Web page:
Now you may be thinking, "That is not fair. Obviously, no human being can perfectly obey the law without a single failure in his whole life. God has given us an impossible task. He has demanded that we keep a law that it is beyond our capacity to keep, and that is not fair." If that is what you say, you are absolutely right. God is not fair.
If God were fair, he would condemn us all to hell. That would be the fair thing to do since we are all lawbreakers. God did not make people into sinners. People did that all by themselves. God made a covenant with the first human being. The Westminster Confession of Faith puts it this way: "Life was promised to Adam, and in him to his posterity, upon condition of perfect and personal obedience" (COF 7.2). Adam was a perfect man. Adam could have kept the covenant of obedience, but he did not.
And when we look into our own hearts, we see our first parent. We see disobedience and sin. We see the broken covenant of Adam. We realize that God has pronounced sentence upon us. We are guilty. We can only await the penalty, which is death and the lake of fire.
If we were believers in the usefulness of animal sacrifice, as in the OT, we might rush down to the temple and kill a goat or a cow for our sins. But we read in Prov. 21:27 "The sacrifice of the wicked is abomination," and we know that we are the wicked.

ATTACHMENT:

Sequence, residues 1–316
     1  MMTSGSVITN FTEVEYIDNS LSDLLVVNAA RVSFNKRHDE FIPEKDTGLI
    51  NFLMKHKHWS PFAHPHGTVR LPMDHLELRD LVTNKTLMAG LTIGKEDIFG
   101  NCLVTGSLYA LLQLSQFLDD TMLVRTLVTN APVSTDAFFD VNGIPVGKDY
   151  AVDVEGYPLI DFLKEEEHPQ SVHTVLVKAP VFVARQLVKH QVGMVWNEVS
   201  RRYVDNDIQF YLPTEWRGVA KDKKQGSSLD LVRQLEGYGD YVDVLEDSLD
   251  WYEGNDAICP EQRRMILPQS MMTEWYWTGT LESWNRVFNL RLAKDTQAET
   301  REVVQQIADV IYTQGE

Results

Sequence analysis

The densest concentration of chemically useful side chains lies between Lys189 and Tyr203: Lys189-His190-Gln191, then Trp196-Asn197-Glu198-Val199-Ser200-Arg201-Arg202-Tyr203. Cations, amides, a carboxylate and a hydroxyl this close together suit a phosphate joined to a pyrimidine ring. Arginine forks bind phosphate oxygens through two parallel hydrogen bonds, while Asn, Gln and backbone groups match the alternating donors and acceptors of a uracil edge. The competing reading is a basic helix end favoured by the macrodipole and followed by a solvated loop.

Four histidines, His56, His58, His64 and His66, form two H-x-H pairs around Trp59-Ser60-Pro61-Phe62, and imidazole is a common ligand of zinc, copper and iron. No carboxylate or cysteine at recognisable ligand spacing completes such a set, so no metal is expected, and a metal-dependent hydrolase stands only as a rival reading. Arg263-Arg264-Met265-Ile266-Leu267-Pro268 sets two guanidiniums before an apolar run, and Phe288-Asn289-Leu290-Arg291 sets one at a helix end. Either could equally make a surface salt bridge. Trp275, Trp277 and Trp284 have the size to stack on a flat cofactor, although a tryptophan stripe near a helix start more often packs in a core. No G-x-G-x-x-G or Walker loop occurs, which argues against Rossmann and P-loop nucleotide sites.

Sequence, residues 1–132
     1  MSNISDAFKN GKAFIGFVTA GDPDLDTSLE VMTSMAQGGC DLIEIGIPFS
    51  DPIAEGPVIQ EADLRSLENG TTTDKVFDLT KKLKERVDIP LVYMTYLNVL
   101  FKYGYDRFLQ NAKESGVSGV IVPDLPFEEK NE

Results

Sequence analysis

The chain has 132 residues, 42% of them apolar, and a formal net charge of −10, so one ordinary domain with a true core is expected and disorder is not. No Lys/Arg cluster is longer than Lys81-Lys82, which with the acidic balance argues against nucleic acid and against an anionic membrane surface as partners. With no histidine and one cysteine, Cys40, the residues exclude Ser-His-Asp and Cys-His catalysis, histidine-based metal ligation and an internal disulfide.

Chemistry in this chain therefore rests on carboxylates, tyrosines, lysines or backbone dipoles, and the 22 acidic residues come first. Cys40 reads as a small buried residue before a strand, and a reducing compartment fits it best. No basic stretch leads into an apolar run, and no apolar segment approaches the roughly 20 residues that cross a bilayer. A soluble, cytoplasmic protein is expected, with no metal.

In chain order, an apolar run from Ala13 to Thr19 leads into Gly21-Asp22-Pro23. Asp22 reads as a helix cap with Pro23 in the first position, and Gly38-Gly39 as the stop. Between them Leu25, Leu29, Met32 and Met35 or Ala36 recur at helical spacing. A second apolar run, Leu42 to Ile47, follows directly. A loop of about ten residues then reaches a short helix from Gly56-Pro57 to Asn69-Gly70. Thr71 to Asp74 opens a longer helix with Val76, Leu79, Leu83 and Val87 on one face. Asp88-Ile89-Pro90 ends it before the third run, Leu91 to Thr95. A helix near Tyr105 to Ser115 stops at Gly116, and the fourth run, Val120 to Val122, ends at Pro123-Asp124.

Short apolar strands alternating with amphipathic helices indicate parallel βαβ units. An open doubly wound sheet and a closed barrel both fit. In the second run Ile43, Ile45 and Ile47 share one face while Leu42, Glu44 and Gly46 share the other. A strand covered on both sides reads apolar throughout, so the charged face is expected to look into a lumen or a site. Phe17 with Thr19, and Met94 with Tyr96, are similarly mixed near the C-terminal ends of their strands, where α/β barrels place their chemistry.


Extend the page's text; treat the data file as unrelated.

Does that sound hopeless and helpless to you? It should because that is our condition--hopeless and helpless. We are snared by sin, and all our twisting and turning only serves to tighten the noose tighter and tighter.
Hopeless to Save Ourselves
Now if you are a Christian you are probably thinking, "I know all that. I cannot keep the law perfectly, so I am not depending on the law for my salvation. I am depending on the gospel." But let us consider Rom. 5 closely. The Apostle Paul says that not only are we without strength to perfectly keep the law, we are also without strength to accept the gospel. Just as we do not have the power to obey God completely, so also we do not have the power to convert ourselves.
And this is not a doctrine that is found only in one verse of scripture. PS 51:5 tells us that we are born in sin. Job declares that we "drink iniquity like water" (15:16). Genesis holds that "Every imagination of the thoughts of [the human] heart was only evil continually" (6:5).
Perhaps you say, "Well, that is the Old Testament. We expect as much from that harsh old book. What about the New Testament? Surely in the New Testament, we will find a better estimate of humankind." Not so. The New Testament is in harmony with the Old. Ephesians describes all humankind as "by nature the children of wrath"[2:3] who are "dead in trespasses and sin" [2:1].
The Bible does not brush lightly over our hopeless and helpless predicament. Rather, it comes down upon it like a hammer, and that hammer strikes us right between the eyes. We cannot believe the gospel of our own accord. We cannot save ourselves. We have been too busy drinking in iniquity to hunger and thirst after righteousness. We were born in sin, and we liked it that way, and so instead of seeking God, we became the enemies of God.